Peltier/Thermoelectric Drinks Cooler

Discussion in 'The Projects Forum' started by Recon, Oct 16, 2009.

  1. Recon

    Thread Starter Member

    Oct 16, 2009
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    I am planning to build a drinks cooler with individual tubes for each can (8 in total). This is how I was thinking of doing it:
    [​IMG]
    The aluminium tube is just big enough for the can to slide inside. The copper block at the bottom fits snugly inside the tube.

    All the TEC examples I've seen on the internet require some kind of temperature control circuit. Would this be necessary for this project?

    I have no real experience with electronics, and was wondering what the best way to power these TECs would be. I was also planning to have each tube individually switched to minimise wasted energy. What would be the best way to construct the circuit?

    Any input into the best way to achieve this would be appreciated! How effective do you think this cooler would be?
     
  2. blueroomelectronics

    AAC Fanatic!

    Jul 22, 2007
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    TEC's are pretty inefficent. You're going to need a few amps of current and some fans on a rather large heatsink to keep 8 of them cool. A simple PTC fuse could probably be used as a crude regulator.
     
  3. Recon

    Thread Starter Member

    Oct 16, 2009
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    Thanks for the reply. I thought that I might need to have a couple of fans blowing over the heatsinks. :)

    I was planning to use 12V 45W TECs (360W total). Would I be able to use a standard PC power supply? Or are there cheaper/better solutions?

    Sorry for my ignorance (I really don't know much about electronics), but why would I require a PTC fuse? I just found out that they 'trip' to break the circuit if the current drawn is too great, but what would happen if I just connected the TECs to the power supply directly?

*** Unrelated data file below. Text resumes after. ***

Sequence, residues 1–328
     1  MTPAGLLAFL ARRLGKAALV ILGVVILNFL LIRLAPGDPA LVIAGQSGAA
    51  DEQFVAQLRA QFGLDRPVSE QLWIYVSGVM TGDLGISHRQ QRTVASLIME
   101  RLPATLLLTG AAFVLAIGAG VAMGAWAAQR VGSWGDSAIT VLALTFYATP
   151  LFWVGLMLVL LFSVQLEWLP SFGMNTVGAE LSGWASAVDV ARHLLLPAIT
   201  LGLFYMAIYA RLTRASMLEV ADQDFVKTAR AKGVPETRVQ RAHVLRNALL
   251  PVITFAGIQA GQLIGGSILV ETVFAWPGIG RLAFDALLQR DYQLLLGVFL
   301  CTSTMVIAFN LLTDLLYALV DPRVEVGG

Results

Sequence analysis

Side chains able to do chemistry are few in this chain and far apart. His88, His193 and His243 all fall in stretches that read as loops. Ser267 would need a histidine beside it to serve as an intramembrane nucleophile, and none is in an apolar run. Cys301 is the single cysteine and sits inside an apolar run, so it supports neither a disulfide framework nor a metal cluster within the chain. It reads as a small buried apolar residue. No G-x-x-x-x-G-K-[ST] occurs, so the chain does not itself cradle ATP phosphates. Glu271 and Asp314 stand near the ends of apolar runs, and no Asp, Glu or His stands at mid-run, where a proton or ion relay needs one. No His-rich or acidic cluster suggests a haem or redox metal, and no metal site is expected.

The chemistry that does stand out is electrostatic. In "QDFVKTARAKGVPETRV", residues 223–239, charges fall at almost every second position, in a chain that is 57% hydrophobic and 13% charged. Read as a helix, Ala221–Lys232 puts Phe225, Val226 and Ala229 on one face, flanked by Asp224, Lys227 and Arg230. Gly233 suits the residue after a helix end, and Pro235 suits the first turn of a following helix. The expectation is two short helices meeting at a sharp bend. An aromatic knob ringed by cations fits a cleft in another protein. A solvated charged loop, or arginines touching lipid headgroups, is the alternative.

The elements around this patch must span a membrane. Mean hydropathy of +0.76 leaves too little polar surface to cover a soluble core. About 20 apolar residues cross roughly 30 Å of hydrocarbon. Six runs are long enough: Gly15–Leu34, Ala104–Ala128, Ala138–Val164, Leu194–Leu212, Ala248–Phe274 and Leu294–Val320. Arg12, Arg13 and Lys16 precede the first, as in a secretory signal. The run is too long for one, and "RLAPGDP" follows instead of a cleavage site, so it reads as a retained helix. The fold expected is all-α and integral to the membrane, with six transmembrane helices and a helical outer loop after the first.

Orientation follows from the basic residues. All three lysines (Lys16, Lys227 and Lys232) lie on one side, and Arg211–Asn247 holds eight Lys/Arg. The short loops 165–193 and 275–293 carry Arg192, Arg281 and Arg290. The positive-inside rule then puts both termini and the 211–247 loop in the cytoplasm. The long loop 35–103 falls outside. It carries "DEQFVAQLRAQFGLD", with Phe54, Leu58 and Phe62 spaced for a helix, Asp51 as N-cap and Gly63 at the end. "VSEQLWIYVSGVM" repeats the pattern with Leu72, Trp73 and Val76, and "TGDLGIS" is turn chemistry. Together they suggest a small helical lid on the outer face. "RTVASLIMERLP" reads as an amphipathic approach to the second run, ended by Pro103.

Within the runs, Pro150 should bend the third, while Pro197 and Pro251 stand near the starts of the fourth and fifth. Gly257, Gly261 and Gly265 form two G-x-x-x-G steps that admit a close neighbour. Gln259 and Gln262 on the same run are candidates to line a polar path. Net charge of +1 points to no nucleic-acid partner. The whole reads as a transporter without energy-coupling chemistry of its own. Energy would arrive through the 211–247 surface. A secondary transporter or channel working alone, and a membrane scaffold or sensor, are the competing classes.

4. SgtWookie

    Expert

    Jul 17, 2007
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    You will need a power supply capable of supplying at least 22.5 Amperes at 12v.

    Marlin P. Jones & Assoc has an ATX supply capable of that current for under $15:
    http://www.mpja.com/prodinfo.asp?number=17512+PS
    You could convert it by plans available on the 'net by Googling for "ATX bench power supply"
     
  5. Recon

    Thread Starter Member

    Oct 16, 2009
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    Did you mean 30 Amperes? I want to run 8 of them.

    I will look into converting an ATX PSU into a bench power supply, thanks.
     
  6. SgtWookie

    Expert

    Jul 17, 2007
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    OK, then you'll need at least 30A.

    Converting a couple of ATX supplies will be your least expensive route; so many of them have been made and competition is so fierce that you can get them for much less than a typical switching supply would be.
     
  7. Recon

    Thread Starter Member

    Oct 16, 2009
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    Once I've converted the power supply, is it as simple as just connecting the TECs to the +12v and ground (in parallel) and putting a switch next to each? Do you think a PTC fuse (as mentioned earlier) or something similar would be required?

    Remember I'm new to this electronics stuff! :confused:
     
  8. Andrew Leigh

    Active Member

    Sep 8, 2008
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    Hi,

    know nothing about peltiers but a couple of practical thoughts.

    1.) That sounds like a massive amount of energy for 8 cans. I am working on my caravan fridge at present, 180l capacity and it uses a 180W element at 12V, I can have 24 cans in there plus plenty other stuff. Are peltiers innefficient?

    2.) Are you planning on rapid cooling the cans or maintaining temperature? A fridge cycles somewhere between 1° and 5°C. You would want your cans at 1° to 3°C for best beer :cool: drinking temperature.